Test Scores in Florida Up, But Are Students Really Learning?

Test Scores in Florida Up, But Are Students Really Learning?

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MIAMI -- Declaring Florida public schools healthy, education officials in the Sunshine State have touted overall student improvements there as a direct result of education reforms involving revamped student assessment tools such as the standardized test FCAT (Florida Comprehensive Assessment Test) 2.0, and more rigorous teacher-performance measures.

“Over the last ten years we’ve seen significant change in how well our students are doing. In reading for grades 3-10, the percentage of students that are performing satisfactorily has increased 15 percent. For math it has increased 18 percent. For our English language learners, they increased by 15 percent, and increased in math by 20 percent. So we are seeing large changes in the positive direction for our students with the implementation of this accountability system," said Jane Fletcher, Florida Department of Education’s Director of Accountability and Policy Research.

Addressing journalists at a briefing on education reform hosted by New America Media and the Urban League of Greater Miami, Fletcher was quick to point out that the new measurement systems create clear expectations for both teachers and students.

“Essentially, teachers don’t have to do anything special, all they need to do is teach the standards. If they teach the standards the students are supposed to learn, then the students will do well, and if the students learn the standards they will do well on the assessments."

But for critics of standardized testing, that's just the problem. Long criticized as a system that creates successful test takers but not educated students, there are questions as to whether standardized tests like the FCAT are true measures of a student's preparedness to succeed in life, after they leave school.

And the tests, say critics, do not capture the experience of students who drop out of school before even taking the test -- and a disproportionate number of those are students of color.

The latest report from the National Center for Education Statistics (NCES) that analyzed numbers from 1972 to 2009, revealed that the high school drop out rate for Blacks was 4.8 percent and 5.8 percent for Hispanics while the rates for Whites stood at 2.4 percent.

How does the Florida education system, and indeed the U.S. education system, catch these students that have been allowed to fall through the cracks?

“We are trying to reach kids earlier in the system when they are at the level when they can be positively influenced by additional instruction, reading, intensive help at the elementary level... It is a big area of concern,” admitted Edward Croft, the department’s Bureau Chief for Accountability Reporting.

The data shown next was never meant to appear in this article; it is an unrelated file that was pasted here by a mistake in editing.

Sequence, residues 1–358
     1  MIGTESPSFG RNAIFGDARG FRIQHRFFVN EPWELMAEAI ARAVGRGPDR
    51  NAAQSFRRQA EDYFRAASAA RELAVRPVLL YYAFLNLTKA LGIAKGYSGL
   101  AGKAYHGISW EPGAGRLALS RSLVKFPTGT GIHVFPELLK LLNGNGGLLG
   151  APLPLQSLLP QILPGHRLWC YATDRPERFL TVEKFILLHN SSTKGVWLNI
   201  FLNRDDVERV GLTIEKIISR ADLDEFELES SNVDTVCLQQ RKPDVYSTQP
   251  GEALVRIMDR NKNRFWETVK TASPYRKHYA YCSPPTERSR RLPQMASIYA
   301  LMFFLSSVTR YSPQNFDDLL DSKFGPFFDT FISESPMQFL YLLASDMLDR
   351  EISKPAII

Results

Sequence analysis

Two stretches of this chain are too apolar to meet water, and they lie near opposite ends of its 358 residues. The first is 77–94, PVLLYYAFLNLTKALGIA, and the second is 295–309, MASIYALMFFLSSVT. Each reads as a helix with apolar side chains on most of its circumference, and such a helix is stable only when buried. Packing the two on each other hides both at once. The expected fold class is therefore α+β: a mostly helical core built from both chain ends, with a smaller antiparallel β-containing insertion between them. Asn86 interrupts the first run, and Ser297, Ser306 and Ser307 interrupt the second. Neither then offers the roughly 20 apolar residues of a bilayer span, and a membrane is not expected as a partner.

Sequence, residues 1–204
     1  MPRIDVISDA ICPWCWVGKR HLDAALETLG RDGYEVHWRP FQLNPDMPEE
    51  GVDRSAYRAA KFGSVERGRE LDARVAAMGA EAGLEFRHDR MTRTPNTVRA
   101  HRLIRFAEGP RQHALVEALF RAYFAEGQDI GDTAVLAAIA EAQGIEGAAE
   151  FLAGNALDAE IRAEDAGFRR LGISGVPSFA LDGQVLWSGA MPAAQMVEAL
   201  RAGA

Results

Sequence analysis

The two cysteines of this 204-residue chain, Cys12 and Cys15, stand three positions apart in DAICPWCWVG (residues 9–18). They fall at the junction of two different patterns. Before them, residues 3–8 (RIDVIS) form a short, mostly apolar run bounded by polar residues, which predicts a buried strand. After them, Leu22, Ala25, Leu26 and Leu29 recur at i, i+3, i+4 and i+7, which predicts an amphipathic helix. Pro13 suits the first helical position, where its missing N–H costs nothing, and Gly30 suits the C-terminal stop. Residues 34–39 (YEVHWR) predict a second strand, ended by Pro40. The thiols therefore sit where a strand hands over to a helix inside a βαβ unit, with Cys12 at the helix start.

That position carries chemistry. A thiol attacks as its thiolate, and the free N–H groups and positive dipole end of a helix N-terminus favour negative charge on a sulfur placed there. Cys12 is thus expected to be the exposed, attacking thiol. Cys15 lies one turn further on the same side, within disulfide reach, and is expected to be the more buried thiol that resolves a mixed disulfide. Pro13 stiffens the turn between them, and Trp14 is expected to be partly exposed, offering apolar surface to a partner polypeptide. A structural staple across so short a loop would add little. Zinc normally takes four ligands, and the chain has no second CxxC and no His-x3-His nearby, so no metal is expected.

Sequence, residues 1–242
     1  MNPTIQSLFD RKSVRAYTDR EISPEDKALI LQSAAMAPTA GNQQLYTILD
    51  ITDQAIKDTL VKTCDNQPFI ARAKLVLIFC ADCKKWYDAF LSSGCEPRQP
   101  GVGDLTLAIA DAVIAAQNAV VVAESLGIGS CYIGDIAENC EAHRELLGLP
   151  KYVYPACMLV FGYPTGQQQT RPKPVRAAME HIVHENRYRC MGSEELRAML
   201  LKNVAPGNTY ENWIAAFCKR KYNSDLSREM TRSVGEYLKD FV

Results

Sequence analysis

Croft, who heads the office that rates schools with grades from A through F based on student achievement on the FCAT, maintains that the measure is a good one.

“We are looking at whether students have been able to increase their achievement level from year to year. Or, if they were at a satisfactory achievement level, whether they were able to maintain that year over year. For kids that are stuck at the lowest achievement level--1 or 2 on the FCAT--if they’ve made enough of an increase on the FCAT vertical scale year to year, they can still demonstrate learning gains... For kids that were low performers last year who made greater than expected gains this year, they are getting extra weighting in the school grades calculations,” Croft explained.

The point is, assessments are good and necessary to determine a child’s readiness to move on to the next level. However, when negative statistics such as the drop out rates mentioned above, are stubbornly holding on, it is time to reevaluate how children are being tested.

Yet state education officials remain adamant that the FCAT works, and are pushing for its continued use.

“If the teachers just teach the standards the way they are supposed to, then I think the students will have the materials to be successful on the test,” said Fletcher.

The operative phrase here is “successful on the test” not "successful at learning."

Teacher evaluation systems also rely heavily on FCAT, although other measures are also taken into consideration. Importantly, this process involves input from various stakeholders including administrators, other teachers, and parents.

Juan C. Copa, the education department’s Director of Research & Analysis in Educator Performance, warned that the much talked about teacher evaluations should not be regarded as punitive.

“It is meant to transform the way we look at teachers and school leaders to ensure they are pursuing the best practices to improve student performance. The results from these evaluations can be used to inform school level and district level improvement plans as well as professional development opportunities for teachers...so that we can get to the ultimate goal of improving student performance.”

The teacher evaluation, based on Florida’s Student Success Act, focuses on three areas: Performance of students, instructional practice, and professional and job responsibility. But, according to Copa, at least 50 percent of the review is based on student performance, or FCAT results.

 

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